In our opinion
Leave it to Texas Gov. Rick Perry to get people talking, and certain in some circles, blood boiling.
The soon-to-be former three-term chief executive – Perry recently announced he would not seek a fourth term – signed into law a new directive that would require recipients of his state’s unemployment to pass drug tests.
But much like in 2010 when Arizona passed more strict laws requiring carrying identification in an attempt to fight illegal immigration at the state level, federal laws will likely and eventually rule the day, surely spawning court battles.
Federal law does not yet allow states to require drug tests as a condition of receiving unemployment insurance, but Perry’s bill will eventually follow the protocol laid out by the U.S. Department of Labor which will determine which occupations fall under the law.
The Cheney Free Press editorial board supports Gov. Perry’s effort. Taking that a step further, any government entitlement programs should involve drug and alcohol testing. That includes welfare, those on Labor and Industries and Social Security disability; the list is practically endless.
Programs are great for people that need them but they need to be short-term. But if recent history is any indicator, as in the case of a story we heard where a local applicant for unemployment was automatically signed up for food stamps, government officials seem to want to make it less desirable to get back on one’s feet. That also explains why food stamp usage has doubled in the last five years.
Should it eventually pass the federal hurdles, in the new Texas law the answers from a questionnaire would determine if testing is necessary.
But that’s only the first of many questions that swirl like a Texas tornado.
On one hand, requiring drug testing is seen as a potential Constitutional issue, specifically the Fourth Amendment, which states you should be secure in your person from unlawful searches and seizures; there has to be suspicion in order for someone to look in your house, your backpack or your body.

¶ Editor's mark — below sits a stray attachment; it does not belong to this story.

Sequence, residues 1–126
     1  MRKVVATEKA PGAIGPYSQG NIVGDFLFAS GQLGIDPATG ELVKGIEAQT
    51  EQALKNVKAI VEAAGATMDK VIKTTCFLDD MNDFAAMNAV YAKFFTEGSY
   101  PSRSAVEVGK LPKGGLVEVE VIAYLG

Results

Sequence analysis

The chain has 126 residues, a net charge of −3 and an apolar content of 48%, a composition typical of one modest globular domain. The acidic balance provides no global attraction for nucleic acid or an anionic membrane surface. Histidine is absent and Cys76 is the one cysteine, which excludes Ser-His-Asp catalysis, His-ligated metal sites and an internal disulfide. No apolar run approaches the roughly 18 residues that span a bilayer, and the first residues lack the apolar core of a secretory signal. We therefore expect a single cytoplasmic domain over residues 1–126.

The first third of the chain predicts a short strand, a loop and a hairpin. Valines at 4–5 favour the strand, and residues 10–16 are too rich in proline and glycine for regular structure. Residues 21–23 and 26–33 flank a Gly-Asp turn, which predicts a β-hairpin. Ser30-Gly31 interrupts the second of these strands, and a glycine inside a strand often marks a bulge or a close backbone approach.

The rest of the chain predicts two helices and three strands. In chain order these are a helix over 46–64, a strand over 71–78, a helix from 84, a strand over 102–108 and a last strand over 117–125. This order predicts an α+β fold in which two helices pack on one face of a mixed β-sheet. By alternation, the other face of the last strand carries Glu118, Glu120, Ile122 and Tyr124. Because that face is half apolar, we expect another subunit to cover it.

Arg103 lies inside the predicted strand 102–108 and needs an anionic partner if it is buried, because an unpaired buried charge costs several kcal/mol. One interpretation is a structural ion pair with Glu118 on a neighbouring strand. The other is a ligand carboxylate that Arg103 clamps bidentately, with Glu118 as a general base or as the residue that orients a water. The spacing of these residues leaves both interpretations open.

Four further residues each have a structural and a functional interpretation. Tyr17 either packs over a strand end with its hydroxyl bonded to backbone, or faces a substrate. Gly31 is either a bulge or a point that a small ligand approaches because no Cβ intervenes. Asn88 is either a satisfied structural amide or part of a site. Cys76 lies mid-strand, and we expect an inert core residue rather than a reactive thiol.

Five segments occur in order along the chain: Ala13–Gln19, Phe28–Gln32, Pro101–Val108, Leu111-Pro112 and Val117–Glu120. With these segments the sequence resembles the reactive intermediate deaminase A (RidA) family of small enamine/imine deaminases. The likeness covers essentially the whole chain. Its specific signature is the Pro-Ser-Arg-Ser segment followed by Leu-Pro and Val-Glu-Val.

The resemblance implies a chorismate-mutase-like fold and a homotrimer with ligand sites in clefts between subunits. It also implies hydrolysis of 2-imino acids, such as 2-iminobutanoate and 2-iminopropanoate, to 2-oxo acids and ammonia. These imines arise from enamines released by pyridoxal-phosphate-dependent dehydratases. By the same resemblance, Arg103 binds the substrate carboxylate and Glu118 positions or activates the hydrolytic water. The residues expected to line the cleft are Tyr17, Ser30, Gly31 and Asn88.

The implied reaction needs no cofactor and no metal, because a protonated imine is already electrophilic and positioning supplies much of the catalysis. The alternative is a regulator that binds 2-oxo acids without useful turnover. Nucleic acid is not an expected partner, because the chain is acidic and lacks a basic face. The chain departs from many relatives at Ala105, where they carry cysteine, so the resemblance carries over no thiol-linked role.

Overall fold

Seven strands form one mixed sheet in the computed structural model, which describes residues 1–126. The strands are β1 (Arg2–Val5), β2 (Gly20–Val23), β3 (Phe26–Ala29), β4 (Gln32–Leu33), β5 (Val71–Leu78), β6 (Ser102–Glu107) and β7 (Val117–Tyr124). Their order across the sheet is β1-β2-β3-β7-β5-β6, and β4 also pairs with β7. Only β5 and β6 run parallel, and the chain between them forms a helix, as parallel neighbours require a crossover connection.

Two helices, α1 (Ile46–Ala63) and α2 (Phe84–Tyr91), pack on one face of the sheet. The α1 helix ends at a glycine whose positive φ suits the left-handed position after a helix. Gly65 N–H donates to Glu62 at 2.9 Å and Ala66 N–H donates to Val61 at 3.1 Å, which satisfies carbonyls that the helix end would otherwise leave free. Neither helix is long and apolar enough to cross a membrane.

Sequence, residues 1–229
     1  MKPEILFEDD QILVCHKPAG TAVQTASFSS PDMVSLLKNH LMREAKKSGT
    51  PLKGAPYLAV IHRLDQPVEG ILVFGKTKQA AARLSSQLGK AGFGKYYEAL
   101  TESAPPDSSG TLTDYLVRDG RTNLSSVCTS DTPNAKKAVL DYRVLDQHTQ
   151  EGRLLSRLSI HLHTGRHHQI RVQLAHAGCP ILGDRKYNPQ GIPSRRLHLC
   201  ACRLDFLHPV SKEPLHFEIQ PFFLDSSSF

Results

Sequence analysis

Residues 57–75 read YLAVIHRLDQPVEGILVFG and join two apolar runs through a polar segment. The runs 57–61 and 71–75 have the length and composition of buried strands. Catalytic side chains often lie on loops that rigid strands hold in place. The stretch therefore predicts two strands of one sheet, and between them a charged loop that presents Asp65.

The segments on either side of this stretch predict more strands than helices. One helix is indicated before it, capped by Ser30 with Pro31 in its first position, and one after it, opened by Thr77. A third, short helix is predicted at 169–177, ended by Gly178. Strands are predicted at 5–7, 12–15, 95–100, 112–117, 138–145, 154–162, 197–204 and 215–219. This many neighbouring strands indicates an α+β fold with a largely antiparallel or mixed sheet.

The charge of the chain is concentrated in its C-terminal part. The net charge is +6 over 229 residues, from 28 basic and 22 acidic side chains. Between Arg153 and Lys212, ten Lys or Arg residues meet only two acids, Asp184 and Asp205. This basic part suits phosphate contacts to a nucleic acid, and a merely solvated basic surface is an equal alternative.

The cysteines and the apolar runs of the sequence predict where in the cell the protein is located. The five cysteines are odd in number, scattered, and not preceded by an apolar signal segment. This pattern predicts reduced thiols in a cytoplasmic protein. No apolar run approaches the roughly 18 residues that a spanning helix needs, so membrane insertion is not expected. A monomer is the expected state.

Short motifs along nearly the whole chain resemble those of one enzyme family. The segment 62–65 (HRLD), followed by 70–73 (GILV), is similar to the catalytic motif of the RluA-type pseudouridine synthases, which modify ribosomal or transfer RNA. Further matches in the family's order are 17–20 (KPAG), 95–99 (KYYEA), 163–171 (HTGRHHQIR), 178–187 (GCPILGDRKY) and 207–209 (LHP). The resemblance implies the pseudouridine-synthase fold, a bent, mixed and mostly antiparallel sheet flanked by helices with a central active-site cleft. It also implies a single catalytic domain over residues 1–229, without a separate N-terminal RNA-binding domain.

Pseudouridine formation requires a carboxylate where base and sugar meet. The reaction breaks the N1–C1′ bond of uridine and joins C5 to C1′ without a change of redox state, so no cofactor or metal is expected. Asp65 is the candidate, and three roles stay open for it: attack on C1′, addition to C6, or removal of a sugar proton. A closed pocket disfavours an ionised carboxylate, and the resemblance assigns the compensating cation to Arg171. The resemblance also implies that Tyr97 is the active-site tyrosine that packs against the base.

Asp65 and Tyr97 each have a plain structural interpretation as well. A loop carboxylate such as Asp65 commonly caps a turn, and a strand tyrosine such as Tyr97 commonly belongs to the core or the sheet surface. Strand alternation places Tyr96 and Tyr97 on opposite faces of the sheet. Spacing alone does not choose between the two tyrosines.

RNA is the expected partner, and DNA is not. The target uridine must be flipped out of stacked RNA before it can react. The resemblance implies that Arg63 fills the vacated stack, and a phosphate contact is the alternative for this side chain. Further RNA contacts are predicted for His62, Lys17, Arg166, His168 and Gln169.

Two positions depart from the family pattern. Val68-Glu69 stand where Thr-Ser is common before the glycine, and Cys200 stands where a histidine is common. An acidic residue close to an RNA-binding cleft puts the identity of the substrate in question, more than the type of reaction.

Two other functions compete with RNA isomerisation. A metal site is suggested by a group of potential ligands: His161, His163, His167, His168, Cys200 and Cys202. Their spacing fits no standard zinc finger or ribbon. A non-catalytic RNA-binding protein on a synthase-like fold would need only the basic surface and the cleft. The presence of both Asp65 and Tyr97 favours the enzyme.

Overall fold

However, at the time the framers of the Constitution wrote the document, there were no such things as unemployment or welfare where some people get on and live on, in some cases for generations.
Another side of the argument is that unemployment compensation, and other programs, is payment for a job of not working.
Drug tests, both random and routine, and administered by many companies have been deemed lawful. So if the private sector that provides money for these programs through taxes can demand an employee pee in a cup, why then is it not OK to ask the same from someone who you are paying through a government program?
If a citizen is going to seek out funds from the government they should conform to certain standards. Take the military, for example. You don’t enlist and do whatever you want, there are criteria and rules to follow or you get your walking papers.
Texas is certainly not alone in looking at instituting drug testing for entitlement programs.
The state senate in North Carolina recently penned legislation to require drug testing and criminal background checks on all applicants for worker-training and welfare programs. Lawmakers in nearly 30 states have introduced such bills the Associated Press story said. In a time when measures like sequestration still make the headlines with headshaking funding cuts to worthy programs like Meals on Wheels to the homebound elderly, don’t drug testing measures like these make sense?